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On the Road

Average Rating: 3.5 stars out of 5.
On the Road
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Penguin Putnam
A 50th anniversary hardcover edition of Kerouac’s classic novel that defined a generation

Few novels have had as profound an impact on American culture as On the Road. Pulsating with the rhythms of 1950s underground America, jazz, sex, illicit drugs, and the mystery and promise of the open road, Kerouac’s classic novel of freedom and longing defined what it meant to be “beat” and has inspired generations of writers, musicians, artists, poets, and seekers who cite their discovery of the book as the event that “set them free.” Based on Kerouac’s adventures with Neal Cassady, On the Road tells the story of two friends whose four cross-country road trips are a quest for meaning and true experience. Written with a mixture of sad-eyed naïveté and wild abandon, and imbued with Kerouac’s love of America, his compassion for humanity, and his sense of language as jazz, On the Road is the quintessential American vision of freedom and hope, a book that changed American literature and changed anyone who has ever picked it up. This hardcover edition commemorates the fiftieth anniversary of the first publication of the novel in 1957 and will be a must-have for any literature lover.


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Baker & Taylor
A fiftieth anniversary commemorative edition of Kerouac's classic work reflects the underground and open road experiences of America in the 1950s and is based on the author's travel adventures with Neal Cassady.

Baker
& Taylor

Follows the counterculture escapades of members of the Beat generation as they seek pleasure and meaning while traveling coast to coast.

Authors: Kerouac, Jack, 1922-1969
Statement of Responsibility: Jack Kerouac
Title: On the road
Publisher: New York, N.Y. : Viking, 2007
Edition: 50th anniversary ed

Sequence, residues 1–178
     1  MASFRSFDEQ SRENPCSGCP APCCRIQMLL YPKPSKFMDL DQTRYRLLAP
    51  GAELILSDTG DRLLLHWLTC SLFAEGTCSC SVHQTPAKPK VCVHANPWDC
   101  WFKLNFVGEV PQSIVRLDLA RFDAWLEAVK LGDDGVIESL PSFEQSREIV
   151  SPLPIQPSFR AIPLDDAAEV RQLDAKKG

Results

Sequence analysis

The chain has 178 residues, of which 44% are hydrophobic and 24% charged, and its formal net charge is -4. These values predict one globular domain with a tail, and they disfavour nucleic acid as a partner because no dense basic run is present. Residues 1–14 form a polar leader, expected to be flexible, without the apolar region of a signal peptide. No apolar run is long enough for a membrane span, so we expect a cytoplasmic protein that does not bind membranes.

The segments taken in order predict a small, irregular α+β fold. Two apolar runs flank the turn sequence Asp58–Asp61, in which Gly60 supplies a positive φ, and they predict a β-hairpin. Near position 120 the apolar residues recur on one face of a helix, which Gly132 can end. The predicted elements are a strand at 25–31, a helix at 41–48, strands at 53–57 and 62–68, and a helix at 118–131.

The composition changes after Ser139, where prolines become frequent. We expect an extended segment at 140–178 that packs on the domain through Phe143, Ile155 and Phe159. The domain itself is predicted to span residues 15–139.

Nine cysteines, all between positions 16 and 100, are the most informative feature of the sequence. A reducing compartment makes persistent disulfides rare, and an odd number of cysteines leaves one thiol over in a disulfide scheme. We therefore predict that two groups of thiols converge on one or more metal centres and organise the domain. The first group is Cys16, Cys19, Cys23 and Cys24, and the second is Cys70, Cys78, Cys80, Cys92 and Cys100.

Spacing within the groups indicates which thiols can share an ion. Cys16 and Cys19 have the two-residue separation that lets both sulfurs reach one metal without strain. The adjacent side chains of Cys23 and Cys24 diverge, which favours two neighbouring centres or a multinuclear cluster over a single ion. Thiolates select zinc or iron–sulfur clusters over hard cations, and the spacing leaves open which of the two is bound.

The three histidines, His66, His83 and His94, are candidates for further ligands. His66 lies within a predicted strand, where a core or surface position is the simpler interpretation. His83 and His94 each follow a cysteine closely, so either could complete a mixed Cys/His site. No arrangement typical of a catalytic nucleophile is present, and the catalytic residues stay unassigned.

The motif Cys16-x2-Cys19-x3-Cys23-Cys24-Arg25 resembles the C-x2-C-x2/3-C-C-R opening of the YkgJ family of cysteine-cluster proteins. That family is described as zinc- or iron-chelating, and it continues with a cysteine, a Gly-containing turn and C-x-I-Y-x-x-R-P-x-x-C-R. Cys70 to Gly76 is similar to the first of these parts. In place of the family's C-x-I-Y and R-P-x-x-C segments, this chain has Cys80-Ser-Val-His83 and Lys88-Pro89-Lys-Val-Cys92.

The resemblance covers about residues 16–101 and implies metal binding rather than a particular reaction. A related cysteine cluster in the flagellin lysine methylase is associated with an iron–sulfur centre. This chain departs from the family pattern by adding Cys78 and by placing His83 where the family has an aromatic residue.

Characteristics: 307 p. : port. ; 24 cm.
Subject Headings: Beat generation Fiction
Genre/Form: Autobiographical fiction
Topical Term: Beat generation
LCCN: 2007021285
ISBN: 9780670063260
0670063266
Branch Call Number: FIC K
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Jul 10, 2013
  • MyrtleLouise rated this: 4 stars out of 5.

Well, now I at least know what all the hullabaloo is about. Interesting, but not one I would recommend.

Couldn't get more than 50 or so pages into it. This one just wasn't for me.

Apr 17, 2013
  • joliebergman rated this: 2.5 stars out of 5.

I really wanted to like it. I had also hoped to find the characters engaging, interesting. Instead I found them irritating. I was not a fan of the overall dismissivness of poor behavior. I did not finish the book. Although, perhaps someday I will. Today is not it.

Mar 25, 2013
  • MCinnamon rated this: 4 stars out of 5.

Wow, I can't believe I put off reading this book for so long. I thought it was a travel book about a guy crossing the country looking for the American Dream, when in reality he finds it in everyone he meets on the way. For the main character it's depressing but if he only opened his eyes once in a while he would see it right in front of him. I loved the conscious stream of thought method that the book is written in, in other words, the fact the author was drugged up for 3 weeks and wrote this whole novel on a typewritter with no punctuation. If you enjoyed FEAR AND LOATHING IN LAS VEGAS or TRAINSPOTTING this is a book for you.